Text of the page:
Postcards Home from China: Navigating the exotic, but finding the familiar

by Kathleen McCoy  |   

Jacob Haworth

A selfie of Jacob Haworth, taken at the Red Wall Hotel in Beijing. (Courtesy Jacob Haworth)

By Jacob Haworth Accounting and management student

With China's astounding population, witnessing the public's respect for one another's time is refreshing. As a foreigner, diving headfirst into China's cultured, fast-paced and continually evolving environment, I was excited to immerse myself open-heartedly along with my colleagues.

At first glance, the amount of personal space is drastically reduced. However, after some brief integration among the locals, I felt welcomed, as if I was part of a well-oiled machine. Once accustomed, driving through Beijing's traffic, strolling in Tiananmen Square and shopping in the Muslim Quarter in Xi'an became almost carefree, natural and more immersive.

To illustrate the intensity of this trip, our group traveled by bus, plane, train, taxi and by boat to navigate our way through China's vast landscape. My personal interest throughout our excursion was experiencing and or witnessing "everyday" simple tasks local Chinese carry out daily.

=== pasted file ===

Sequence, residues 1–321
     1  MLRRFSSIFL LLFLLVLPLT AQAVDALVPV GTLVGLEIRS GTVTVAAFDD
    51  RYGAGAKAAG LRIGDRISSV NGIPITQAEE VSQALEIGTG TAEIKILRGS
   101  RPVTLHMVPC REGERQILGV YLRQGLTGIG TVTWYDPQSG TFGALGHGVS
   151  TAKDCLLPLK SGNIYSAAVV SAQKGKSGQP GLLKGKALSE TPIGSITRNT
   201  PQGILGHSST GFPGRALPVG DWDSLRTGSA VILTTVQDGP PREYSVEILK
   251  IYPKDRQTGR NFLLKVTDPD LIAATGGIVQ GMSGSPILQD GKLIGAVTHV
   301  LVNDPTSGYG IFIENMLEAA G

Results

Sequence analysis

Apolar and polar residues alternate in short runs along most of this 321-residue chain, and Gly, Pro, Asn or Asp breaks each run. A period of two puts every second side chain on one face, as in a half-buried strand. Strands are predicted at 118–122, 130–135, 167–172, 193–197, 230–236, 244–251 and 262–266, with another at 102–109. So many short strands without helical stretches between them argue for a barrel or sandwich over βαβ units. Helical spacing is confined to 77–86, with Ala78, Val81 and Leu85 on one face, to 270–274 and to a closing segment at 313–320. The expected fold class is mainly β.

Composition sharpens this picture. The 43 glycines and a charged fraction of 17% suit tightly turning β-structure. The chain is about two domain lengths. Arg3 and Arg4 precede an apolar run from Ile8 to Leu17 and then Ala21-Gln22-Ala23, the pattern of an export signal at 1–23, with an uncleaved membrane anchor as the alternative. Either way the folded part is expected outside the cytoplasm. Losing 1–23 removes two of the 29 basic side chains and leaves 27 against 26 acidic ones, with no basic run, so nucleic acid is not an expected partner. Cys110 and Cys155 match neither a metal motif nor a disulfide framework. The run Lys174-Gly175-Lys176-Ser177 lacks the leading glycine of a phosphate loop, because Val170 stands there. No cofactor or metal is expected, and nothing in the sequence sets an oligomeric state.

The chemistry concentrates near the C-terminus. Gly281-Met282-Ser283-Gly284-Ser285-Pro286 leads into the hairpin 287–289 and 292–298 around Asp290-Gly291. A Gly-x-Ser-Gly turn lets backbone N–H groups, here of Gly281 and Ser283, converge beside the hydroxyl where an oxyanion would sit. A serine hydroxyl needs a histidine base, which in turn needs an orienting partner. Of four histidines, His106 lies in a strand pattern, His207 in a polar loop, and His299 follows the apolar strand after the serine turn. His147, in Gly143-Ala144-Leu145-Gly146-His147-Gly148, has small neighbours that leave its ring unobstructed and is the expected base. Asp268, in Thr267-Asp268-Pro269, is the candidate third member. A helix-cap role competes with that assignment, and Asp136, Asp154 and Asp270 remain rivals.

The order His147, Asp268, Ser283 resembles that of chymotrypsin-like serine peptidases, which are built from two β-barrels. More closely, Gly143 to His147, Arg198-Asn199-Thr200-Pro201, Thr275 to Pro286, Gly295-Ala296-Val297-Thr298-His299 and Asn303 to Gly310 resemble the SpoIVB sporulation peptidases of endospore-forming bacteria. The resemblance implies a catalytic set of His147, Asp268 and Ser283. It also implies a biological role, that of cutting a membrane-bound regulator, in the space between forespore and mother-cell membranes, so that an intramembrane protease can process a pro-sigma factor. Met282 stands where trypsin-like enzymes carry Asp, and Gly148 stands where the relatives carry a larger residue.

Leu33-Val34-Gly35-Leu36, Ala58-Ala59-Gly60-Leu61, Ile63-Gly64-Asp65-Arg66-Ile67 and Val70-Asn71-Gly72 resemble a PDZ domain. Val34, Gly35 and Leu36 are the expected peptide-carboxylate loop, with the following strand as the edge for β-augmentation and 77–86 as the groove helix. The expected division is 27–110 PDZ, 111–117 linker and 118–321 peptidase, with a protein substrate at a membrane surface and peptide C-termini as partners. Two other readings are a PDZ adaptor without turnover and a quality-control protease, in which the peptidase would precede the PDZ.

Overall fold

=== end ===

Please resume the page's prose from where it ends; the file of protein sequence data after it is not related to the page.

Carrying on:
Mother and child in China

Mothers tending to their children was a common scene that made China feel familiar to this UAA student. (Photo by Dominique Kurth/UAA)

As the trip progressed, I began to realize the many similarities we share with the Chinese. From watching families share a laugh to a mother caring for her child, revealed a comforting sensation within my inner-self. Of course, our culture, families and life experiences shape us all; however, our underlying framework is generally the same.

After about a week of traveling through China, I began to see glimmers of the collectivist philosophy in forms of the deep-rooted family respect and importance. I have always longed for a comprehensive family support system that reaches beyond our generation. Many students we encountered seemed to display more thoughtfulness and selflessness than typically found in the United States. This links back to the depth of China's history and family structure.

Jacob Haworth was one of nine students who traveled to China this summer as a part of an economics class dealing with globalization and business opportunities in China. Read more of their Postcards Home from China.


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